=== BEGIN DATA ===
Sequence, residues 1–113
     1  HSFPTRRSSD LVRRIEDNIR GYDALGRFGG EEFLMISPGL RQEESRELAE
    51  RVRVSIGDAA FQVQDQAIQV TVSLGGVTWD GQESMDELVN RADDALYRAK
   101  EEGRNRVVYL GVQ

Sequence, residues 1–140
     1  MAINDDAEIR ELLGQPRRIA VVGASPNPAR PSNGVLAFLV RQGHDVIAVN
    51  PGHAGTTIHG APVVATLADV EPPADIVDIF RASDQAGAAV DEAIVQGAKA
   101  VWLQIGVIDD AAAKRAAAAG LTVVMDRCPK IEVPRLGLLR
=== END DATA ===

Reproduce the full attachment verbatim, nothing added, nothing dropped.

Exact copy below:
Sequence, residues 1–113
     1  HSFPTRRSSD LVRRIEDNIR GYDALGRFGG EEFLMISPGL RQEESRELAE
    51  RVRVSIGDAA FQVQDQAIQV TVSLGGVTWD GQESMDELVN RADDALYRAK
   101  EEGRNRVVYL GVQ

Sequence, residues 1–140
     1  MAINDDAEIR ELLGQPRRIA VVGASPNPAR PSNGVLAFLV RQGHDVIAVN
    51  PGHAGTTIHG APVVATLADV EPPADIVDIF RASDQAGAAV DEAIVQGAKA
   101  VWLQIGVIDD AAAKRAAAAG LTVVMDRCPK IEVPRLGLLR